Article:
How to navigate life — and the upcoming holidays — after an emotional election that divided us.
If the presidential election caused anger and hurt feelings between you and friends or family — in person or on social media — now what? What happens to those personal relationships that frayed during the election season?
Did you unfriend people on Facebook because of political rhetoric? Did you stop speaking to certain relatives? Are you and the neighbors eyeing each other with tense suspicion?
We still need to live and work together. And the approaching Thanksgiving holiday might gather families together while emotions are still raw.
Vanderbilt social worker Jim Kendall, LCSW, CEAP, suggests ways to repair relationships with the people in your life when you’re on opposite ends of the political spectrum but need to navigate Thanksgiving. Here are his tips:
Avoid talking politics for the day
Unless you know that everyone is politically likeminded, tell guests something like: “I’m grateful to host Thanksgiving festivities at my house this year. In the spirit of the Thanksgiving, I am requesting that we all agree to take a day off from the heated discussions of politics. That would make me ever so grateful!”
Think, in advance, of safer topics
The weather? Traffic? Merits of shopping early on Black Friday? Favorite TV shows? Make a mental list of any neutral subject to steer conversation toward if things heat up. Even sports (the recent World Series, or football) might be a more cheerful bet — unless, of course, your family harbors divided loyalties there, too.
Consider skipping the alcohol
Alcohol plus passionate opinions are a bad combination. If you know some of your guests tend to drink too much and act out, perhaps avoid serving wine or booze. That might keep tempers down – and some guests may choose to eat and run!
Set a start and stop time for your festivities
For example, invite people for a Thanksgiving meal “from 1 to 3 p.m. at our house,” or some similarly limited number of hours.
Offer an olive branch
If a relative just can’t let the election go, try appealing to the heart. Tell him or her, “This election brought out the worst in us because we both love our country and want the best for our future. We just have different views of how to get there. I hope that for today we can just celebrate our love/friendship and check our differences at the door.”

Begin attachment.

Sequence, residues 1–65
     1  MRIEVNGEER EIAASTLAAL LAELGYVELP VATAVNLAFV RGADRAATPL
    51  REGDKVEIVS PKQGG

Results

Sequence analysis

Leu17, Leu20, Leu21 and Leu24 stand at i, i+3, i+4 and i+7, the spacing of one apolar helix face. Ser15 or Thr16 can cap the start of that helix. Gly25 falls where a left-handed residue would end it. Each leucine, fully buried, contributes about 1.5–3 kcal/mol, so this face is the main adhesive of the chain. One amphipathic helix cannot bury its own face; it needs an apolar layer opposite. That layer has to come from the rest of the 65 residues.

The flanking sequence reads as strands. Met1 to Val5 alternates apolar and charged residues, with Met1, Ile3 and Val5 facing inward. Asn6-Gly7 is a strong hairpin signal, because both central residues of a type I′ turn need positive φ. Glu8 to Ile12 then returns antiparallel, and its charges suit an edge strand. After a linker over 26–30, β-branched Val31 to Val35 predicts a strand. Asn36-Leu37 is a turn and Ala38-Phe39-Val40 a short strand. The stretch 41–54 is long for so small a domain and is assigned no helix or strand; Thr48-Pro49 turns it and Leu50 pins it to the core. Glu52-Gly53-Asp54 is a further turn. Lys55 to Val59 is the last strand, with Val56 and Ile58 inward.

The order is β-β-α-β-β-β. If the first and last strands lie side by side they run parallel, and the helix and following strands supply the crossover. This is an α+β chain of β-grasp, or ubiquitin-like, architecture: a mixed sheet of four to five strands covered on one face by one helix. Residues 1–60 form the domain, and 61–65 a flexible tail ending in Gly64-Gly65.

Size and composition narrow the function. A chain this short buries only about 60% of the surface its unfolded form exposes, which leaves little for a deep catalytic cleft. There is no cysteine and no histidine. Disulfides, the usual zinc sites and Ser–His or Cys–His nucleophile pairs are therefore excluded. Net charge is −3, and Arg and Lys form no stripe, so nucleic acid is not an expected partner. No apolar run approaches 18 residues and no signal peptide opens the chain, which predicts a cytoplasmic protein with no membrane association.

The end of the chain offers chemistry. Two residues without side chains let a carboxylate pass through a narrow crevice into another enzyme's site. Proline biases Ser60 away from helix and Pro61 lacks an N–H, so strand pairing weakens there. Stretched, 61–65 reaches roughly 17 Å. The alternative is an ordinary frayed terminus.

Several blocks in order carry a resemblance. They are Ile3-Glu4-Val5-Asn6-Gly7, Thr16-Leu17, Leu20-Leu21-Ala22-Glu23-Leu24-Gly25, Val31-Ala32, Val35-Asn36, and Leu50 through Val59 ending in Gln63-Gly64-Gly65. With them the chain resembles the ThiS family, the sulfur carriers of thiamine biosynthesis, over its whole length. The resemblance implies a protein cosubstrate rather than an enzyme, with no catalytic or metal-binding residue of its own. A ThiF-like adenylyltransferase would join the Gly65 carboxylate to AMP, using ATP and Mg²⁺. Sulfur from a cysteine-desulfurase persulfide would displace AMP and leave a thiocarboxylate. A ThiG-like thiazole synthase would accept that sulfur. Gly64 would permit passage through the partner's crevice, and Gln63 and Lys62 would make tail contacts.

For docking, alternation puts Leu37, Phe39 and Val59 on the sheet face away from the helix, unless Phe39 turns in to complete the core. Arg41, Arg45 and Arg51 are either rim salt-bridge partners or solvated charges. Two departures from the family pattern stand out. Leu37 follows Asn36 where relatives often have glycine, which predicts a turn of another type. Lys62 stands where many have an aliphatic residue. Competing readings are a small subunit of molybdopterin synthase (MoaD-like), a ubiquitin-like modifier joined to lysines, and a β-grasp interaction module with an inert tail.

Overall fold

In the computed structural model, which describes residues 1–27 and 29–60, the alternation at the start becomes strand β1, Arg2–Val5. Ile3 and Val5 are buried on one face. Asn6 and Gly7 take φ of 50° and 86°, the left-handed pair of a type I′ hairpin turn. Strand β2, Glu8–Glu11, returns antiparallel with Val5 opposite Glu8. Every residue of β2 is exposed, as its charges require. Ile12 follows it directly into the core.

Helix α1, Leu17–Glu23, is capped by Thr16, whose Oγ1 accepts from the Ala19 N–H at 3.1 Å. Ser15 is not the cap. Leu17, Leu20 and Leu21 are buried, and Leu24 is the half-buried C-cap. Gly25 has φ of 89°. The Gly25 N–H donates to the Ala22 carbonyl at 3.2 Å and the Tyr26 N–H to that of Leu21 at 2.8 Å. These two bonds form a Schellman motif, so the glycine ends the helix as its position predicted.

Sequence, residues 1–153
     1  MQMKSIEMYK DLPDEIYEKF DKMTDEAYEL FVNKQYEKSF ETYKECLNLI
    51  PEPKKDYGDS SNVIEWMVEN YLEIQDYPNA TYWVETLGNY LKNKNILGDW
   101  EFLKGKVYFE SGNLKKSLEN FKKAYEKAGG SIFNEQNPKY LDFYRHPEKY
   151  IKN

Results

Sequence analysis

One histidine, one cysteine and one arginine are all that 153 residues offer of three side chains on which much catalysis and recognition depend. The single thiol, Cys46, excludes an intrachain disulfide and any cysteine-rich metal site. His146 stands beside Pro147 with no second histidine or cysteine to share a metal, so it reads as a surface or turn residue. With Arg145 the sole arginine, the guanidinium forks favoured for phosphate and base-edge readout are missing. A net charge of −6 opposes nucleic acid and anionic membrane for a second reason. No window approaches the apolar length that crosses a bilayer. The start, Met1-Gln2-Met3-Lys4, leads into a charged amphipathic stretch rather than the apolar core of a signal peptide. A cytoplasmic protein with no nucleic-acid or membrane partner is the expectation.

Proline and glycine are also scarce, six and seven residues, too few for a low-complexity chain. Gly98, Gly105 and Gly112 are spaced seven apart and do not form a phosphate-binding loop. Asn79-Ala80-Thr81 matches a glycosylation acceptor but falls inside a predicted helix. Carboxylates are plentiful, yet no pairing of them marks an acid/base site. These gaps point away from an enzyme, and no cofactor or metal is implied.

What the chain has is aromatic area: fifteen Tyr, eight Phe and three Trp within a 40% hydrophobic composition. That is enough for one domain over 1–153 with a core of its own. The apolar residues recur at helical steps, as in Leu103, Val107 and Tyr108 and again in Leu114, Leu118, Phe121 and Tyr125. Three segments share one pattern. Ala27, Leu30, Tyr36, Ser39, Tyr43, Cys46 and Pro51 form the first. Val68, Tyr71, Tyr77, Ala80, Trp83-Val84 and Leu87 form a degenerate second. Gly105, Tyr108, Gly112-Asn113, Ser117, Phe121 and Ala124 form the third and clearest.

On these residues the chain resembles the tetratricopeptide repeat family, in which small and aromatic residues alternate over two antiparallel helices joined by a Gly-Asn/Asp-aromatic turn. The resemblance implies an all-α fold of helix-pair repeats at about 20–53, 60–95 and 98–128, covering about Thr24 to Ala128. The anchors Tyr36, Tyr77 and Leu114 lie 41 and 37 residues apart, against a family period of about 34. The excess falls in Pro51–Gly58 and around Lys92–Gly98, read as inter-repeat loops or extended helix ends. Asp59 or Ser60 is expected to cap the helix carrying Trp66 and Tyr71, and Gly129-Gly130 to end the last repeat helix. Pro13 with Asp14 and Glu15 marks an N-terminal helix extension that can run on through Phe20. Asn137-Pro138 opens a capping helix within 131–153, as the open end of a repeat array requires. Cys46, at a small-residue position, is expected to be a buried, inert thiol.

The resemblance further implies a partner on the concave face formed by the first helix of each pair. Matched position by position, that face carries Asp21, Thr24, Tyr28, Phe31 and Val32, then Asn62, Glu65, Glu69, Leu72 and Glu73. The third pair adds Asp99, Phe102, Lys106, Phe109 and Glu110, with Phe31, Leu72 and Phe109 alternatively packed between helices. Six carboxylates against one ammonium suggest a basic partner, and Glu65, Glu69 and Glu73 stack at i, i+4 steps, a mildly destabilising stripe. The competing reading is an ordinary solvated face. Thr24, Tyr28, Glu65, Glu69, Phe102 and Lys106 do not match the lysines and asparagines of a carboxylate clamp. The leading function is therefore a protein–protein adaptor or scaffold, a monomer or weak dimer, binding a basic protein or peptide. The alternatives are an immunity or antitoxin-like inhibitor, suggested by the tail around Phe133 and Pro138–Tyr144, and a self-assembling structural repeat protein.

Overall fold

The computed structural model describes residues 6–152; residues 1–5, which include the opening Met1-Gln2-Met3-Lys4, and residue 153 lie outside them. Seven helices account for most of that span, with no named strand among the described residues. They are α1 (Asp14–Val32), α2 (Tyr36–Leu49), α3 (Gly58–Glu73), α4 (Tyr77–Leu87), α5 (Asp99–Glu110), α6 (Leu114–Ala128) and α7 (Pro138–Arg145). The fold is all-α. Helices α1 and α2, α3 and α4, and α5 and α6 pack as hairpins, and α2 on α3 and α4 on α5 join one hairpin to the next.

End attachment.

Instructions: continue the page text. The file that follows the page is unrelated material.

And later, when perhaps emotions have cooled but hurt feelings still linger? Are you stuck in grudges that will last four years, or is it possible to get past this?
Kendall suggests telling your loved one: “Even though we differ in our political views, I respect you and value your friendship. I hope we can agree to disagree. Our friendship is bigger than this. During the next four years I hope we can respect each other and come together over what we agree on.”
For post-election healing, try finding common interests and activities – maybe go to a movie together as a start?
Think about whether to take a break
Of course, if none of this sounds like enough diplomacy, there’s always one more strategy. This might be the year to book a weekend away and celebrate Thanksgiving apart from family.
You can come home to love them in time for December.
If politics or anything else is ruining your sleep, try these tips for taking back your peaceful nights.
Thanksgiving, with or without argumentative relatives, is about gratitude. There are good reasons to make gratitude a daily habit.
Finally, if the holidays stress you out regardless of election cycles, here are tips for keeping (relatively) calm as the calendar marches into the season.